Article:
Training can take up much of your time. However, how dedicated you are can affect how fast you learn. While there is a set number of hours you must train, you can avoid additional training by being focused and making the best use of your instruction hours.

    You can also give your licence exams, which are required to obtain a Private Pilot Licence (PPL), before you start your training. This way, you won’t be distracted by studying and memorising theory while you get practical training.  

  • Not as risk-free as other hobbies: Flying an aeroplane comes with its own set of risks. While it may not be as risk-free as knitting or reading a book, with the right training, flying can be as safe as driving a motor car, if not more so.

    While making a blunder while flying can have serious consequences, if you have put in the required hours of training and understand the requirements of the activity, then you don’t need to worry.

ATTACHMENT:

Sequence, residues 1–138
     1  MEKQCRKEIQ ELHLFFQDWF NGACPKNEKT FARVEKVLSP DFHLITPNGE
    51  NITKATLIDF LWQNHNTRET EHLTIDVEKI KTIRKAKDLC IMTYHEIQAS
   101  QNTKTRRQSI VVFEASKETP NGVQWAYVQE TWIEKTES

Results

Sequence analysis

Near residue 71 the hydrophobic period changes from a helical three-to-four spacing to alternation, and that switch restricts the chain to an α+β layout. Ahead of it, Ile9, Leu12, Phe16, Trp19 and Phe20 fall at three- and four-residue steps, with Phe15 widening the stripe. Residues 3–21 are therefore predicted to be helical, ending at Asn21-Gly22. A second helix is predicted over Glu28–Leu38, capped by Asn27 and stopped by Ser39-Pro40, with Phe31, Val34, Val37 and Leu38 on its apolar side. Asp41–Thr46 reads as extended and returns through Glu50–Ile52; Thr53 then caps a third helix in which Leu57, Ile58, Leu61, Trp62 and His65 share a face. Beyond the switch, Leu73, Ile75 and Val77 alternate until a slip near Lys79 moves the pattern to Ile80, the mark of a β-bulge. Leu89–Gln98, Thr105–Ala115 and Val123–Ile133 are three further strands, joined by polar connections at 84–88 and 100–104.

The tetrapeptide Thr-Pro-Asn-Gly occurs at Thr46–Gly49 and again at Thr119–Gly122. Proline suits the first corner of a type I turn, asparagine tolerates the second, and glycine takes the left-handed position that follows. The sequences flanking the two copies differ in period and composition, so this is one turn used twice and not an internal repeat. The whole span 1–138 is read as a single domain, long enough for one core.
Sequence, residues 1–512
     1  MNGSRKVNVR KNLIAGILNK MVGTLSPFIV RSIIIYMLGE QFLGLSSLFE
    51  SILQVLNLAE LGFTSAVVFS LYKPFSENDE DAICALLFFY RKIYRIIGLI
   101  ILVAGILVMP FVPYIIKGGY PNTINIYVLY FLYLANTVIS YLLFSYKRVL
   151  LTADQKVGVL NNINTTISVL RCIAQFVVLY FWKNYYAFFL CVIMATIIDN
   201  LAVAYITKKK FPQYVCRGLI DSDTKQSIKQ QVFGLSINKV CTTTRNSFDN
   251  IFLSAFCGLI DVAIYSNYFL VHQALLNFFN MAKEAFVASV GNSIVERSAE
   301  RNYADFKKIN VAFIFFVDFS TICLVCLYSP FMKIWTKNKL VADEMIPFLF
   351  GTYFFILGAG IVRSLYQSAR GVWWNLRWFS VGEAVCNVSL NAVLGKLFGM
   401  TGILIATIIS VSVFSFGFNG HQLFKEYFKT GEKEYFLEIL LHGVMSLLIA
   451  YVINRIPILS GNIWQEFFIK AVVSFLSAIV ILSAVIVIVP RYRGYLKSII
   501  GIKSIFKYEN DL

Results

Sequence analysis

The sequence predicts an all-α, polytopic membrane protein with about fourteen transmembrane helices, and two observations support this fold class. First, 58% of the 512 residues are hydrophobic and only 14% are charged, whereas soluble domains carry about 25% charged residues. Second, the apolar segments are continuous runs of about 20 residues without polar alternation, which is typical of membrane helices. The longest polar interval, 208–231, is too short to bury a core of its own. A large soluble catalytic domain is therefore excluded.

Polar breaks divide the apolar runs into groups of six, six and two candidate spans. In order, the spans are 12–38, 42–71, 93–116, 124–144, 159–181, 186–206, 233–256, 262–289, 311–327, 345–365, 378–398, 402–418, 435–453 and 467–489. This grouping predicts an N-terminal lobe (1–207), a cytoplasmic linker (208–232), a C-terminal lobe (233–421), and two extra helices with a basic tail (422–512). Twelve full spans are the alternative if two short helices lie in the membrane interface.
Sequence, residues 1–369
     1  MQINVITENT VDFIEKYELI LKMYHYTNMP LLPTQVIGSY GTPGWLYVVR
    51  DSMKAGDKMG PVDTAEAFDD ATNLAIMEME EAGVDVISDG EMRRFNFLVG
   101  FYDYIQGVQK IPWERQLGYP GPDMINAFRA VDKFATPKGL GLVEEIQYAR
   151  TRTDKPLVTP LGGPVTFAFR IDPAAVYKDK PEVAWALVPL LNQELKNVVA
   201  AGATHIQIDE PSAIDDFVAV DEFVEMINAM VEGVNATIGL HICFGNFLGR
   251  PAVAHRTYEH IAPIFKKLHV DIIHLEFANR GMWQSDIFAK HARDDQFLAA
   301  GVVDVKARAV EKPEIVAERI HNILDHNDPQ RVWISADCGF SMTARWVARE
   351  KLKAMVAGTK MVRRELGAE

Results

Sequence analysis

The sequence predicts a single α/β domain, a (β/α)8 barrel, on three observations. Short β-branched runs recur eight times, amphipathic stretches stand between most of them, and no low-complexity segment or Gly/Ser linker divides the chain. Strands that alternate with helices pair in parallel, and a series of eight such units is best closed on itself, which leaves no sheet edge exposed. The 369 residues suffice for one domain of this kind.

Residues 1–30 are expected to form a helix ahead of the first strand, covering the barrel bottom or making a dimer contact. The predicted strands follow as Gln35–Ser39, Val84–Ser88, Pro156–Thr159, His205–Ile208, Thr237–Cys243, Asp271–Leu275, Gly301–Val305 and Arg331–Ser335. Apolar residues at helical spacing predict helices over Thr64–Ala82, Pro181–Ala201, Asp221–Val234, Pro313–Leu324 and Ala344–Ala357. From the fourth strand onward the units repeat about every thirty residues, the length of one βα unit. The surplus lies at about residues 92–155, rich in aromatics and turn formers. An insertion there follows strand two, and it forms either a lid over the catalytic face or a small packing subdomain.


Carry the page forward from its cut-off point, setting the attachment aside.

• Can be stressful: Due to the aforementioned factors, it is understandable that flying may be a bit stressful initially.

    Aviation can seem overwhelming due to the training and licence requirements, but once you get into the flow of things, flying becomes much more of a relaxing activity.



Pilot licences are a necessary requirement for anyone wishing to pursue aviation, whether as a hobby or in a more professional capacity. Pilot licences in the United Kingdom are issued by the Civil Aviation Authority and can be divided into two broad categories.

The first are the licences belonging to the general aviation category and the other are for commercial purposes. The general aviation licences are what a recreational pilot needs to be able to fly as a hobby.